air will do nothing to improve your self defense arsenal. Students should actively stab the hard
earth, wooden posts, and other objects with their trainers in order to develop the grip necessary to control their weapons. Flesh gives but bones are realistic obstacles which a student must become accustomed to. Stage blood can also be invaluable in developing a proper grip. If you or your opponent has been cut it is reasonable to believe that blood on your hands will be slippery, or sticky and can compromise your grip. One again, creating conditions in training which resemble the realities of combat will help a student prepare for what is really likely to happen.

Regardless of the program one is training in, the above recommendations will help to make your
training more realistic and effective. Take it from an instructor like Chief Instructor Red feather
who teaches from experience and not theory. It could help save your life.

Saturday, September 23, 2006

10 Days to Better Knife Fighting

On a routine search of the internet for knife fighting material I ran across a website which was offering an E-Book entitled 10 days to better knife fighting. Now that is a pretty lofty claim. A book with that title better deliver. I contacted the author and agreed to review the book. What follows are my thoughts on the material.

To start with the author gears all use of the knife in a defensive manner. There are no offensive techniques in the book. All of the techniques are reactionary. Now this may all be semantics, but the author made a clear statement that the goal of knife use in the book was purely for defense. This is a good sign that the author is a responsible person and instructor and not a kill em up knife instructor.

The author lays out some basics in the beginning of the book such as safety zones, inside and outside movement, and target selection. The drills in the manual are aimed at developing instinctive reactionary moves. Topics such as transitioning between ranges, and changing the path of the blade are also included. The drills are all sound and varied enough to offer someone enough material for prolonged training. The instructor does an excellent job of dividing the drills into daily practice sessions so that the material is workable and digestible. Progressive training is a key to good training.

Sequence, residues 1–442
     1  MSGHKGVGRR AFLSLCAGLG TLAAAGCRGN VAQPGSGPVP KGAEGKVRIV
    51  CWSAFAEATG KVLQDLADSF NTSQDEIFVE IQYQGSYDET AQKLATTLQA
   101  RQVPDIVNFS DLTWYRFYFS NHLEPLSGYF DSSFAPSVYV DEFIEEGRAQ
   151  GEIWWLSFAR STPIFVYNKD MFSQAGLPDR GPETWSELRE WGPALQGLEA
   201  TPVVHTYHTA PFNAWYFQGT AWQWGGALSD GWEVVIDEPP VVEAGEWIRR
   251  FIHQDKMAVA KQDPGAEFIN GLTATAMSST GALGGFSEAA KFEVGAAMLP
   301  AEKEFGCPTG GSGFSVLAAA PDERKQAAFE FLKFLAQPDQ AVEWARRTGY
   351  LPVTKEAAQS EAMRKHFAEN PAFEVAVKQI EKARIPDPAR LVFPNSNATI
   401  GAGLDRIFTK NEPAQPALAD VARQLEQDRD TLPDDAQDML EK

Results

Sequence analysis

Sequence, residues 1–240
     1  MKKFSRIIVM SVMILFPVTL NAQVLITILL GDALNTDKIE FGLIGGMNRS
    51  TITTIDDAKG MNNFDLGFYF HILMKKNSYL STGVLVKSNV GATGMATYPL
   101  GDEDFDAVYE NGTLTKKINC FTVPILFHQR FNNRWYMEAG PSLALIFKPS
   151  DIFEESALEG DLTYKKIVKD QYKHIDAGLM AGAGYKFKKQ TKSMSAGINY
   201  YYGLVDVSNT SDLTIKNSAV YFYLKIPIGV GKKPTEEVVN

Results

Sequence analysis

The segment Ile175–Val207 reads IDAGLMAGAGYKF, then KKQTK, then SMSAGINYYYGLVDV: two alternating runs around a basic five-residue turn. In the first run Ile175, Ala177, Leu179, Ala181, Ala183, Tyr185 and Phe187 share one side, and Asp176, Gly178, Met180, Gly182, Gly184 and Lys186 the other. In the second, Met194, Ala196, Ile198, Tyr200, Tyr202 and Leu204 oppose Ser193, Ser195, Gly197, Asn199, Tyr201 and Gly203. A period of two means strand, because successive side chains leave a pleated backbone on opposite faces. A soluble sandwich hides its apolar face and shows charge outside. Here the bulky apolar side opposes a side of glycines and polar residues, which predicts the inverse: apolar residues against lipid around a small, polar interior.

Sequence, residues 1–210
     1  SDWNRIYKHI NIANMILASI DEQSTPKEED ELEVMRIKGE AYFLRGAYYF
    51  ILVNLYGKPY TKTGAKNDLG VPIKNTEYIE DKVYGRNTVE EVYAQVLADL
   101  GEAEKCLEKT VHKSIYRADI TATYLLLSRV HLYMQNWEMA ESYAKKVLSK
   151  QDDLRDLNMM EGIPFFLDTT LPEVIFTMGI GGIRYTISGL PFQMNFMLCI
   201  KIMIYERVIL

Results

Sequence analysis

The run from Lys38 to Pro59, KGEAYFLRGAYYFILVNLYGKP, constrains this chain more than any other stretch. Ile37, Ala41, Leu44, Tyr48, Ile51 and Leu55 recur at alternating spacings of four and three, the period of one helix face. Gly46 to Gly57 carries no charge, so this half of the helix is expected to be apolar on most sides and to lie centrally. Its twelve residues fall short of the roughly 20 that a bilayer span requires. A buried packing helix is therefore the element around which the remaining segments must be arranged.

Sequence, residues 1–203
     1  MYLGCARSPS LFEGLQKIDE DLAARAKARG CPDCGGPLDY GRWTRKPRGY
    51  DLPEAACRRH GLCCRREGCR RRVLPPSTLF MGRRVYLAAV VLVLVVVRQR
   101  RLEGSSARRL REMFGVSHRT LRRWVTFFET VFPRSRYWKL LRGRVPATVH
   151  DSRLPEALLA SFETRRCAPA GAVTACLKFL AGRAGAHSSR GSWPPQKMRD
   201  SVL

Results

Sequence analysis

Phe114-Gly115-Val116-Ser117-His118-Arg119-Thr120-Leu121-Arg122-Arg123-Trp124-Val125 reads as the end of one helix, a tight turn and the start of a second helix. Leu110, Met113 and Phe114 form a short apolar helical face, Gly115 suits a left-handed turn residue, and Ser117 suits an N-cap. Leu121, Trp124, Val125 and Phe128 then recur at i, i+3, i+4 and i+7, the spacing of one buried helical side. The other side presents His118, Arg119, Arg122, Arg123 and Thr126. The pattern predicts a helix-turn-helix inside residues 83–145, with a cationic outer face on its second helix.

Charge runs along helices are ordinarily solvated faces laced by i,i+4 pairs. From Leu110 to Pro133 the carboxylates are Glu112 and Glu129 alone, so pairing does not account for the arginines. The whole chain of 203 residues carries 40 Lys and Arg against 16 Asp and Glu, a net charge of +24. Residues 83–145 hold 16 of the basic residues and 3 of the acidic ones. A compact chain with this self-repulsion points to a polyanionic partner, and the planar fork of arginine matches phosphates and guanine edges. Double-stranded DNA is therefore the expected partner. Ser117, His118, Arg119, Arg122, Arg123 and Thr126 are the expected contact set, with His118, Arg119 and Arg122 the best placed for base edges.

The book focuses on drill training which earns it points with this reviewer. Drill based training tends to be much more flexible and applicable than by rote techniques, of which there are none in the manual. Also drill training is more universal and will integrate smoother with various martial arts.

The author also includes some interesting perspective on fakes in combat. The author appears to have experience as a stage magician and borrows concepts such as “misdirection by motion” from stage magic and slight of hand to improve fighting techniques.

Another admirable aspect of the book is that the Instructor advocates the use of other weapons such as hand strikes during the knife fight. This is extremely important because it helps the student from becoming weapon fixated, and encourages a more total approach to fighting. The author also advocates mind set and scenario training which is key to adding another level of realistic depth to training.

The only tactics included in the book which are questionable are the tactics of throwing or dropping the blade in order to create an opening for an empty hand assault on the attacker. While in theory this tactic may make sense, and may even work in the dojo, this reviewer feels that the dangers of relinquishing ones weapon in favor of an empty hand attack do not outweigh the benefits.

All in all this book lives up to its name. The drills are simple in their presentation, yet complex in their application. Although the material will be of more benefit to new knife students or students coming from non-knife based arts, the drills presented here will most definitely help any student of knife fighting to improve their abilities in a progressive training format. The E-book retails around $29.00 and is often run in promotion with several other equally useful smaller manuals. The price is comparable to the price of an average knife fighting book from other publishers, however having seen the majority of knife fighting books on the market this reviewer feels the content although less flashy is definitely more useful.